Mercedes Maps Out Push to Lift Profits During Electric-Car Shift
October 6, 2020
(Bloomberg) — Mercedes-Benz, which has fixated for years on leading the auto industry in luxury-vehicle sales, will rethink its ambitions and restructure operations to be more profitable in the midst of a costly shift to electric cars.
Daimler AG’s main division will aim for a return on sales in the mid to high single-digit range by 2025, even if market conditions are unfavorable. Its ambition will be to earn a double-digit profit margin if the environment is strong.
“We have not yet lived up to our full potential in terms of turning volume success into profit growth,” Chief Executive Officer Ola Kallenius said in a statement ahead of Daimler’s capital markets day. “We will invest where we can win, grow more intelligently, and reshape our industrial footprint.”
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Investor confidence in Daimler gradually improved in recent months after the German manufacturer navigated the unprecedented industry slump triggered by Covid-19 better than feared. But electric-car leader Tesla Inc. zoomed past all traditional manufacturers to become the world’s most valuable automaker while Daimler and others wrestle with revamping their legacy operations.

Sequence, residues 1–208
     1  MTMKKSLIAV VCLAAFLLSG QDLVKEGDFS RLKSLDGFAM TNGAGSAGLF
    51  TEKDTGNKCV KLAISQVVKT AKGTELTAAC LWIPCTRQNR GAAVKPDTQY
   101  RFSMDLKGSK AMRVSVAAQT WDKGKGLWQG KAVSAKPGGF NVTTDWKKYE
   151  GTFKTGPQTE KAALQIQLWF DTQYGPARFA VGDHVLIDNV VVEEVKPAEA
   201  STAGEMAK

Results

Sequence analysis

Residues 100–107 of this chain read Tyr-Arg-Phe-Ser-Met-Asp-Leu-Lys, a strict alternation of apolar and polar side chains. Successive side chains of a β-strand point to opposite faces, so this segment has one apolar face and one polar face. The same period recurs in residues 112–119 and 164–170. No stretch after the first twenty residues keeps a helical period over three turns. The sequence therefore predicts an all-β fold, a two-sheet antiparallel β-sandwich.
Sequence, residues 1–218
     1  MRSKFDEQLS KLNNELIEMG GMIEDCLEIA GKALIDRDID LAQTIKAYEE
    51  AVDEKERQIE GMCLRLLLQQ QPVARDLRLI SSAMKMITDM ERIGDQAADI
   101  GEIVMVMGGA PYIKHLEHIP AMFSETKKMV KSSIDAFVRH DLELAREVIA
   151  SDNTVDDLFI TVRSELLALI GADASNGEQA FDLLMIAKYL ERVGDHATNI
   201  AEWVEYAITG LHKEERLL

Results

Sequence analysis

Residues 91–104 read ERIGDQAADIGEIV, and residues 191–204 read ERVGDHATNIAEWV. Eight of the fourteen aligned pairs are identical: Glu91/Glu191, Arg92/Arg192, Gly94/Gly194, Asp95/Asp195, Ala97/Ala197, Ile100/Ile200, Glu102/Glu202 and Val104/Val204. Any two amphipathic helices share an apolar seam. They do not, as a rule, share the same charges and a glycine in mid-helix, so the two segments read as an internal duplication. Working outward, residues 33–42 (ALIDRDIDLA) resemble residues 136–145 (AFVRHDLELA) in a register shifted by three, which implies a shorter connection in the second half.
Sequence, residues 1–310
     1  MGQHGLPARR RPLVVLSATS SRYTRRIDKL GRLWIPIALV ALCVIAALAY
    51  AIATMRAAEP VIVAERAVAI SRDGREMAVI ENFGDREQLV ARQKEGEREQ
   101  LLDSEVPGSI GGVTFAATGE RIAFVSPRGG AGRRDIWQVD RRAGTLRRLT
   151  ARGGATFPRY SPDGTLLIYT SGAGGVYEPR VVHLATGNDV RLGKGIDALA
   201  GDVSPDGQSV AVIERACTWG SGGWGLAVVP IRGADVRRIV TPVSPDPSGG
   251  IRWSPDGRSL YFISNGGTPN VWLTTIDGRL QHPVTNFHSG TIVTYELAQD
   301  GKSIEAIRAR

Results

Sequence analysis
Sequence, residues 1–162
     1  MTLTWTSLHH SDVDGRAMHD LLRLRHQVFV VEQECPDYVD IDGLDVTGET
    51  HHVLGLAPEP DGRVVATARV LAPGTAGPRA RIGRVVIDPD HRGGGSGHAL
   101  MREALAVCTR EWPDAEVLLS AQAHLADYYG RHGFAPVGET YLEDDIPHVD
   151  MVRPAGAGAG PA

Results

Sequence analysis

Daimler has 13 buy ratings among analysts surveyed by Bloomberg, followed by 11 holds and seven recommendations to sell the stock. The stock slipped 3.1% this year through the close of trading Monday, outperforming larger German peer Volkswagen AG and arch rival BMW AG.
Mercedes has flanked its all-electric EQC SUV with a plug-in minivan dubbed EQV. It plans to start output of the compact EQA hatchback later this year and rolled out a fresh version of its flagship S-Class last month. The sedan will get a fully-electric sibling dubbed EQS next year, which will be based on the company’s first dedicated electric-car platform.
Profits from large luxury cars will be key to financing restructuring costs aimed at making Mercedes more efficient. The brand has outsold luxury-car rivals for years, but returns have slumped below the level of mass-market peers such as PSA Group.
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